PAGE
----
In nearly 90% of high-net-worth households, women are either the sole decision maker or equal partners in decisions on charitable giving, according to a Bank of America Merrill Lynch survey in conjunction with The Center on Philanthropy at Indiana University.

Non-profit organizations should adjust their messaging accordingly, BoA said. Most notably, women want to be far more engaged in philanthropy than men, as evidenced by the fact they spend more time than men on due diligence in making charitable decisions. Women expect a deeper level of communication with the organizations they support—and want to know, specifically, what kind of an impact their gift will make. In fact, many women want to be actively involved, and often volunteer, at the charitable organizations of their choice.

Perhaps most importantly, 49% of women who do not feel this level of involvement—or who say that they are being solicited too frequently or who are asked for "inappropriate" sums—often decide to cut off their donations, whereas men tend to support the same causes year after year; only 41% of men are likely to stop giving to an organization.

“As women create and control a growing share of wealth in the country, their influence in philanthropy is more evident,” said Claire Costello, national foundation executive at Bank of America Merrill Lynch. “This study helps to quantify the philanthropic clout that women have and demonstrates to nonprofit leaders and fundraisers the value and impact of engaging women, especially high-net-worth women, in the organization’s mission.”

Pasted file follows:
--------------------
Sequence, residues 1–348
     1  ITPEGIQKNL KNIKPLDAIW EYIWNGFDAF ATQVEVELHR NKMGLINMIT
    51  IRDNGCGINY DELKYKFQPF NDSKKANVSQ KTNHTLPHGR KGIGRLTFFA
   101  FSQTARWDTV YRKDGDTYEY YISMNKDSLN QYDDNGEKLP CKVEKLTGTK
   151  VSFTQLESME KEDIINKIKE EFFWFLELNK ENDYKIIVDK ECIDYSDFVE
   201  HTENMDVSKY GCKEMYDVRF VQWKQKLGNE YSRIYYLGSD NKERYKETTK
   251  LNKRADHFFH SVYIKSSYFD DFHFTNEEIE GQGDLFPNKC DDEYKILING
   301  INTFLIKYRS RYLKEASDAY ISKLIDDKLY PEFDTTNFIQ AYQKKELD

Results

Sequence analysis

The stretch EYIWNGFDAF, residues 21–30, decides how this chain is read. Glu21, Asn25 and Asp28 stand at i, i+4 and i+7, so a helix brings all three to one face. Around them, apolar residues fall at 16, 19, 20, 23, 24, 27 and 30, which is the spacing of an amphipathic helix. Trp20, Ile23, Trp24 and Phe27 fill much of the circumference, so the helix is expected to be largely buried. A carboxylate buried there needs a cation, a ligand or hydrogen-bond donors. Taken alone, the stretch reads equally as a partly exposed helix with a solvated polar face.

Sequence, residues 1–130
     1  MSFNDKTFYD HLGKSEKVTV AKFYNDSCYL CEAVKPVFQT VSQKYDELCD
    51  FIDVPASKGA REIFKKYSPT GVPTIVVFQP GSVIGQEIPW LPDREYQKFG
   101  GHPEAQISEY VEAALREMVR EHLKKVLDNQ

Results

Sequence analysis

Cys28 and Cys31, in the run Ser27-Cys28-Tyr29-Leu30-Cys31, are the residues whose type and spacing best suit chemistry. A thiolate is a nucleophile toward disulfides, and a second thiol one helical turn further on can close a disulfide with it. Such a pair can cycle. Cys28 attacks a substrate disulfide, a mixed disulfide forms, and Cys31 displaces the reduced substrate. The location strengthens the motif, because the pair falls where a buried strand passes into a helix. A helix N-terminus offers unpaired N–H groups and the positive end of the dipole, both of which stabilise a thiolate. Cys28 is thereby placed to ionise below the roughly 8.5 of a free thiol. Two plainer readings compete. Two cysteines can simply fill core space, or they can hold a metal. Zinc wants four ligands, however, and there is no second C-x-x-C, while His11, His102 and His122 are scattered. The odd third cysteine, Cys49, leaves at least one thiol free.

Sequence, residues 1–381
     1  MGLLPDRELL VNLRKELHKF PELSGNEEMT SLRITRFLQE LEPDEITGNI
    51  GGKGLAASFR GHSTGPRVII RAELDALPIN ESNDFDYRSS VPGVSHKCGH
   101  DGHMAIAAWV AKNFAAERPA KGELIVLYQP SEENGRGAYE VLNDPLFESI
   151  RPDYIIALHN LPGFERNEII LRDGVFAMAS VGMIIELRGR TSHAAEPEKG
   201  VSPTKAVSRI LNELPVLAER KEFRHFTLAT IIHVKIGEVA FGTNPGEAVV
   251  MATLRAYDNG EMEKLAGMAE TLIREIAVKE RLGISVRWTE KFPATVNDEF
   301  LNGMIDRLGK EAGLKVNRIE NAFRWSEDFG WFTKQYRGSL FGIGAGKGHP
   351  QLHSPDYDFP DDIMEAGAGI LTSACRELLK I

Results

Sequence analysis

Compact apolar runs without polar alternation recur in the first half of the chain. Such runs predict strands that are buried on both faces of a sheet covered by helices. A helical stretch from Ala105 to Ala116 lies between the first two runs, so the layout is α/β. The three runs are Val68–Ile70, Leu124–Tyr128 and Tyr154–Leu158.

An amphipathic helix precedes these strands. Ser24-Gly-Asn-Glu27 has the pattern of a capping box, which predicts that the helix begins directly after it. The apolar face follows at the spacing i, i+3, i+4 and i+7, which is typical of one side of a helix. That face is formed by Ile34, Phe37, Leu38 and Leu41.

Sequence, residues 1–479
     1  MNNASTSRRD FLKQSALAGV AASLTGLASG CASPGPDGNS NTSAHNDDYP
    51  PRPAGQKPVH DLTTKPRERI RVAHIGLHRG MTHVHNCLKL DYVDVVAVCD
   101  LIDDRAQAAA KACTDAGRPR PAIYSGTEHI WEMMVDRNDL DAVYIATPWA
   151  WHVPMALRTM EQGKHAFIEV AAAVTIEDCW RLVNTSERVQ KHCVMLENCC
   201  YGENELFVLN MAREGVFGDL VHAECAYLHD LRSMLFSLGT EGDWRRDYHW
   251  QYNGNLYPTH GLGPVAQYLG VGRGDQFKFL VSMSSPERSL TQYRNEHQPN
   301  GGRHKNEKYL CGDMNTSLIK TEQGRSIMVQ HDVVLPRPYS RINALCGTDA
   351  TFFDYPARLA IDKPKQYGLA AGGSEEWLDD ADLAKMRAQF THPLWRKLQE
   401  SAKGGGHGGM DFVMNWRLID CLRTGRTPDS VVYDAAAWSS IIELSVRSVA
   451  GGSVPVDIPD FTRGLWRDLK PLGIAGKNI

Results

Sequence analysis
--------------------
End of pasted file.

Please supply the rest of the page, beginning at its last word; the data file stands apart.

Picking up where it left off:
The study also found that 78% of women have an annual giving strategy and/or budget, compared to 72% of men. Eighty-two percent of women want a personal experience with a nonprofit, compared to 73% of men. Forty-six percent of women want their charity to communicate its impact, versus 32% of men. Additionally, 80% of women want to request how their gift will be allocated, whereas only 68% of men do. Ninety-one percent of high-net-worth women want to receive a receipt for tax purposes, versus 83% of men.


  • 44% of high-net-worth women want to set a good example for the next generation, compared to only 25% of men.
  • 81% of women want their gifts to be used efficiently, compared to 69% of men.
  • 78% of women want to give back to the community, compared to 63% of men.
  • 50% of women are confident in nonprofit institutions, compared to 34% of men.
  • 87% of HNW women have volunteered, compared to 78% of HNW men. Among retirees, these figures become 85% of women and 72% of men.

Lee Barney writes for Money Management Executive.